The “COOPERATION” Category is devoted to show that the evolution of Life on Earth has a direction. This direction is toward increasing the scale of cooperation among living processes. Also, the direction of evolution is toward increasing the adaptability of individuals and communities to better face the challenges of Life. The Butterfly-Community Open-Project is aiming to be the humanity step further in its evolution.

This article is compiled using texts from John Stewart’s book, Evolution’s Arrow

The advantages of being better at adapting have driven progressive improvements in the evolvability of cooperative groups. The processes that adapt and evolve individuals and societies have gotten progressively better at discovering effective forms of cooperation. Evolution itself evolves, and living processes get smarter at evolving.

Progressive evolution has improved the ability of the genetic mechanism to adapt organisms and even societies of organisms. The genetic mechanism uses trial-and-error to search for better adaptation. It tries out genetic changes when offspring are produced. If a change improves the ability of an offspring to survive and reproduce, it spreads throughout the population, producing organisms that are better adapted.

If these genetic changes are made randomly, the majority will be harmful. Most changes made blindly to a complex organism will kill it. Random change is a very inefficient way to search for improvements. So a genetic mechanism that can target its changes will have an evolutionary advantage. It can cut down on the number of changes that are harmful, and make changes that have a greater chance of being useful. For example, a population of snow hares in an environment in which general temperatures are changing widely every few years could target its genetic changes at varying the thickness of fur. This would be more likely to pay off than changing genes that are unrelated to environmental changes. A genetic mechanism that can focus on genetic change in this way would be more efficient at discovering better adaptation. Sexual reproduction itself owes its existence to its ability to do this. But its improvements in the genetic mechanism are still limited: it cannot search for improvements during the life of the organism, but only when organisms reproduce.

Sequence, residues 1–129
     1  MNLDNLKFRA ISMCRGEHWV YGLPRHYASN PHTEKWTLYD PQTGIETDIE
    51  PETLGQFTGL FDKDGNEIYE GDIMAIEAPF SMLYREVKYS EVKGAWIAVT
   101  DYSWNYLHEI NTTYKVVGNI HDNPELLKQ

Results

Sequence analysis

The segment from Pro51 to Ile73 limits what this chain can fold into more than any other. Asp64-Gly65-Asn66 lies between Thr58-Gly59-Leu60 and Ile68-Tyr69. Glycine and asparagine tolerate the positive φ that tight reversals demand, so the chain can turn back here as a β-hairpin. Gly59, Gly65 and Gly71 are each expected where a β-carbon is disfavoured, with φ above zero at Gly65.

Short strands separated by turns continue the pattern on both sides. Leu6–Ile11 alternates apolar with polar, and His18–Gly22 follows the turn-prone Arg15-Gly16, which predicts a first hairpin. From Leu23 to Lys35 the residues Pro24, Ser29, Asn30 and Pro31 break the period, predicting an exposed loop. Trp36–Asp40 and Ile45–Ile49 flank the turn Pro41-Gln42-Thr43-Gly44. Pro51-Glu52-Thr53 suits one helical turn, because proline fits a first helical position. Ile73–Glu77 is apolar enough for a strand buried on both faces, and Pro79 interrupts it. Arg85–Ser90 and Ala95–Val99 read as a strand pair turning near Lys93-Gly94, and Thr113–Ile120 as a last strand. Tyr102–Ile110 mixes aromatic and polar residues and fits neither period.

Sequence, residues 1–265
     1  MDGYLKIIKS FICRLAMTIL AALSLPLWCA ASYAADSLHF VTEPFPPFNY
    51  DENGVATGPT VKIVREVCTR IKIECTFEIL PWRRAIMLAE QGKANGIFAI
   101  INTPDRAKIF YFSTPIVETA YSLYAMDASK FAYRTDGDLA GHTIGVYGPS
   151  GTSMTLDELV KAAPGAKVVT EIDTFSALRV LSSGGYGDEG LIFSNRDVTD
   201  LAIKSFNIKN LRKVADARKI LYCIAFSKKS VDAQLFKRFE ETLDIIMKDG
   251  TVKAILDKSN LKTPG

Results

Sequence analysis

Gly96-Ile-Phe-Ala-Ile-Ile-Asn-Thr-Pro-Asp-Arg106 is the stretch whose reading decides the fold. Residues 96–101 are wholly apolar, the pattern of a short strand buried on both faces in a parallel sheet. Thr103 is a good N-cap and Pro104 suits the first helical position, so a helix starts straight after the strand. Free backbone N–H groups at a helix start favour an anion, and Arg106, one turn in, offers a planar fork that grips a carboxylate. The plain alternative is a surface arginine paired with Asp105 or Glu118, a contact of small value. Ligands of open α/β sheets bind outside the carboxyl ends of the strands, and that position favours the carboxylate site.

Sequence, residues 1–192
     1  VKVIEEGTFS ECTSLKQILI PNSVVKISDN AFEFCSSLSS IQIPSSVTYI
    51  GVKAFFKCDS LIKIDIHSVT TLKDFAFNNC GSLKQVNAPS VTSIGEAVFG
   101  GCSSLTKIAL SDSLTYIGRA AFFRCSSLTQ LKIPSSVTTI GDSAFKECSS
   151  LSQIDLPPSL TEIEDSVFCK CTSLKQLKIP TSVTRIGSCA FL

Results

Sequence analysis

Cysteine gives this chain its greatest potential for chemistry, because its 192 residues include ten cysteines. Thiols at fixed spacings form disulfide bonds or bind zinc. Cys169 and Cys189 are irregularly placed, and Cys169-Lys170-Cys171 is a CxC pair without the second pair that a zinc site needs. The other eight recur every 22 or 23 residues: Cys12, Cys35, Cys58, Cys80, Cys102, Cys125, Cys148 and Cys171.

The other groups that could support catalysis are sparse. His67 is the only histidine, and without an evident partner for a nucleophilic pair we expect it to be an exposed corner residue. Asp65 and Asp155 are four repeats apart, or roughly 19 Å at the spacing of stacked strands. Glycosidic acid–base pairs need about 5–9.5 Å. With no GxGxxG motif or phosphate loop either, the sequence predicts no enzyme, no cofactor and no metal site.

Entirely new evolutionary mechanisms had to be developed to be able to try out and test changes within the organism during its life. Animals and human societies have evolved internal processes that discover new and better adaptation in this way. Typical examples are our own physiological, emotional and mental adaptive systems. It is clear that smarter adaptability has driven a long sequence of improvements in these internal adaptive processes.

A key milestone was reached when organisms could communicate with each other about adaptive improvements they had discovered during their lives. Adaptive discoveries no longer died with the individual who made them. They could be passed on to others and a culture of adaptive information could be developed. Once this ability evolved, the internal adaptive processes qualified as evolutionary mechanisms, able to accumulate adaptive discoveries across the generations. On this Planet, only humans and our societies have evolved this capacity to a high level.